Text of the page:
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2022 Hybrid Symposium

The Annual  Symposium is our flagship conference that features scientific research related to lactation, and milk science for health. The Symposium is instrumental in building a collaborative, multi-disciplinary, pre-competitive platform for scientific discoveries of the structures, functions, actions, and benefits of lactation and milk and to facilitate the translation of that knowledge into practice for health.

The target audience includes scientists and innovators from academic, industry, non-profit, and government environments, as well as all others active in the area of lactation, milk, and dairy. The Symposium targets hundreds of registrants from all over the world to foster cross-cutting discussion and collaboration.


Click here to learn about the speakers, read the abstracts and download the schedule!

Registration fees for VIRTUAL ONLY attendance:
Virtual registration for the symposium includes access to the virtual portal for access to the recordings of oral presentations until April 1, 2023.

  • Industry (for-profit organizations), virtual only, US$395
  • Academic, government, non-profit organization, dairy farmer, virtual only, US$295
  • Trainee (post-doctoral scholars, fellows, etc.), IBCLC, LEC, CLC, virtual only, US$100
  • Student (requires proof of current enrollment), virtual only, US$25

Session Topics:

  • Hottest topics in milk science: what the world should know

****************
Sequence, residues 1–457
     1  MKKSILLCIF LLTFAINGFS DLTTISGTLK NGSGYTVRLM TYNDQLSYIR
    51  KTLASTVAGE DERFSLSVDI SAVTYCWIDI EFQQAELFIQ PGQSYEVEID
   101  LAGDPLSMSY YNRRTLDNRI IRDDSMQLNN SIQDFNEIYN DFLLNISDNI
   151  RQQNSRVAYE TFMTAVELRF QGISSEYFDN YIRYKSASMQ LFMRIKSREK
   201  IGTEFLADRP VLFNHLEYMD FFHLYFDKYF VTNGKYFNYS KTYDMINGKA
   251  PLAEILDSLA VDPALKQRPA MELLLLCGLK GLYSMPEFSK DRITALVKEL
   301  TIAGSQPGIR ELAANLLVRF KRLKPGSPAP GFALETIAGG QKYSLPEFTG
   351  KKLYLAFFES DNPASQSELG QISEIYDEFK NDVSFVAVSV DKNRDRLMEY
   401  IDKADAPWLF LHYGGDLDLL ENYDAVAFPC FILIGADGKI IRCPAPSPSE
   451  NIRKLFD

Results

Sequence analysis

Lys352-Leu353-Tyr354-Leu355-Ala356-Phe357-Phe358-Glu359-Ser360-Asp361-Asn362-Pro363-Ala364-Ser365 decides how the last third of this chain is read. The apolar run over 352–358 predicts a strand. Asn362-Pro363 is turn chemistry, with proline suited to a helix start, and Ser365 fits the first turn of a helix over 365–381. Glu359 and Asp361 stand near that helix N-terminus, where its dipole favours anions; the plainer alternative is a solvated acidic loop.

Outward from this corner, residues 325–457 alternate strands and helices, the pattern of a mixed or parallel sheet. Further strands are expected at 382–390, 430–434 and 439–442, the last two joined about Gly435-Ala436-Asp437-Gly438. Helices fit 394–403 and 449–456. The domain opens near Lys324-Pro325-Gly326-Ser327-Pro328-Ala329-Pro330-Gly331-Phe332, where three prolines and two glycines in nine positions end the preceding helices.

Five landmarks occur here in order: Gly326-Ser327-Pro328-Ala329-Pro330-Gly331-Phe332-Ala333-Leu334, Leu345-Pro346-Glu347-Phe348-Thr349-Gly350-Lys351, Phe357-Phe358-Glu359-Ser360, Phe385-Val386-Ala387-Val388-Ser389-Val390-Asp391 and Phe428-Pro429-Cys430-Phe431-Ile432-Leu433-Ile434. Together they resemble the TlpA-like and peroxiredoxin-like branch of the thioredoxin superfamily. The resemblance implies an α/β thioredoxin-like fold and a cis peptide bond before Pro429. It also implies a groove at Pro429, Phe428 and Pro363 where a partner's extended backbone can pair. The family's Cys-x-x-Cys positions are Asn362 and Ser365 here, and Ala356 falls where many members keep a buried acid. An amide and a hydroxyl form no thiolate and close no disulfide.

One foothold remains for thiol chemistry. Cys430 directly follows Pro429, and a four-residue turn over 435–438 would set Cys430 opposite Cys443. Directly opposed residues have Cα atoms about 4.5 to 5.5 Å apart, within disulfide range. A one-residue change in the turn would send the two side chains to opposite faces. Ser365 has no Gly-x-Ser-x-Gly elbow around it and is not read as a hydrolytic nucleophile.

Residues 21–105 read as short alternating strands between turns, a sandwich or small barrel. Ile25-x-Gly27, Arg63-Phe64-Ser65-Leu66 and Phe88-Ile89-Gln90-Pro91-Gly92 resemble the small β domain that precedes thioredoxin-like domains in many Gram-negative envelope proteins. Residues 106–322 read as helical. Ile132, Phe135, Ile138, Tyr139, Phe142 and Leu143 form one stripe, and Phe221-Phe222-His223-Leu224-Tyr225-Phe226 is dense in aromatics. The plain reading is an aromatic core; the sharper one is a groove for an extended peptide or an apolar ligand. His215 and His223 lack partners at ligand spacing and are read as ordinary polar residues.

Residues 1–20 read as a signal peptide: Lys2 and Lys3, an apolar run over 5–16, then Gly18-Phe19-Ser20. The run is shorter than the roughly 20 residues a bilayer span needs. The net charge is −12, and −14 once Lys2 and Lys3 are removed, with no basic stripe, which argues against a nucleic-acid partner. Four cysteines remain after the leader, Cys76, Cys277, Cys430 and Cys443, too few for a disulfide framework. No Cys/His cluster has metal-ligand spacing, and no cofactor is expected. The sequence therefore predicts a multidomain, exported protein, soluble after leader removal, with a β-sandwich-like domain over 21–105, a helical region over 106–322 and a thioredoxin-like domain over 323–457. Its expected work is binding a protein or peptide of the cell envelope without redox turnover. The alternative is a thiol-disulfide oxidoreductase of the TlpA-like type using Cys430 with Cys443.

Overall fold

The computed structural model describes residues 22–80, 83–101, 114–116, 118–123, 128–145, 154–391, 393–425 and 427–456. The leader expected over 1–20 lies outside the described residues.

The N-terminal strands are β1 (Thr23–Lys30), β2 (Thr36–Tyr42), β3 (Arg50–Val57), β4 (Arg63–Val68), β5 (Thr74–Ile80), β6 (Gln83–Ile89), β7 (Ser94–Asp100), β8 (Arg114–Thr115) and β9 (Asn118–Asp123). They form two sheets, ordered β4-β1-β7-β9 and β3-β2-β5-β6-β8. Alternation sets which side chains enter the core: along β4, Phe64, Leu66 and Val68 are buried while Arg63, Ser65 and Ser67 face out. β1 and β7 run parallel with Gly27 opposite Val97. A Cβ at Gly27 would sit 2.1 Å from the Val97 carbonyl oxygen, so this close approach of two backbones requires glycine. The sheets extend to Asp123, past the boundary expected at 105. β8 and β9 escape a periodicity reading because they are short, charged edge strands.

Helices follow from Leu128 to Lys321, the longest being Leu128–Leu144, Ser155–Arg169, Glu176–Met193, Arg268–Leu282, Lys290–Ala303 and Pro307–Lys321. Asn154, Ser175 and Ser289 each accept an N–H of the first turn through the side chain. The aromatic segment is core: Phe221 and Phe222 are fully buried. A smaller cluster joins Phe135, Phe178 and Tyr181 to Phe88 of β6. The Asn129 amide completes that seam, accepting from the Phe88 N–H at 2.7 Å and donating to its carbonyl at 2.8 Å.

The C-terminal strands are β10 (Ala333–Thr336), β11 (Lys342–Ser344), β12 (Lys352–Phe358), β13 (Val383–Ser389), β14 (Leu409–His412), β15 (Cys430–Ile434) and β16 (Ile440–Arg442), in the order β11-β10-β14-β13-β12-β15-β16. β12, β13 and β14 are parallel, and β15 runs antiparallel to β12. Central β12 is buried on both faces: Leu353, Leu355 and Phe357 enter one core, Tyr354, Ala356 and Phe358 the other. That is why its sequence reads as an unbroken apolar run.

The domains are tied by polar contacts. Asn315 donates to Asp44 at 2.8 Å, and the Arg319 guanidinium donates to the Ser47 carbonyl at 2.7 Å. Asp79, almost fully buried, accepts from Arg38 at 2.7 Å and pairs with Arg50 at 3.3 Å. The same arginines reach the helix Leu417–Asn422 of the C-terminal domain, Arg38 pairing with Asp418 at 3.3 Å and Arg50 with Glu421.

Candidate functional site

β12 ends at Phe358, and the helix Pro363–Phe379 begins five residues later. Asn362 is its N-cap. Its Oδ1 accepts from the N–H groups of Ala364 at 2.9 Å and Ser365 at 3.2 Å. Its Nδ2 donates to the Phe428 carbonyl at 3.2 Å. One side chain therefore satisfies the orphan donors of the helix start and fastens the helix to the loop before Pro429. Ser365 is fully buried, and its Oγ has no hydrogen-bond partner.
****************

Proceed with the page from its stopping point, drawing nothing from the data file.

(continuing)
• Applications of milk extracellular vesicles, miRNAs, and nucleotides for human health
  • Discovery and novel applications of milk bioactives
  • Immunity tackles immune challenges of the 21st century
  • Functional discoveries of the microbiome, glycome, and metabolome



Dr. David Dallas joined the IMGC Scientific Advisory Committee in 2021 and has participated in IMGC Symposia for more than five years. Dr. Dallas received his BA in Public Health in 2008 from Rice University and his PhD in Nutritional Biology in 2012 from UC Davis. He then completed a post-doctoral fellowship at UC Davis in Food Science. Dr. Dallas is currently an Assistant Professor in Nutrition at Oregon State University. David’s research examines the digestion of human and dairy milk proteins and the release of bioactive peptides using in vivo infant and adult digestive samples. His group applies mass spectrometry-based peptidomics and proteomics and functional assays. In addition, he applies this knowledge to examine digestive deficiencies in premature infants. His bibliography is publicly available here.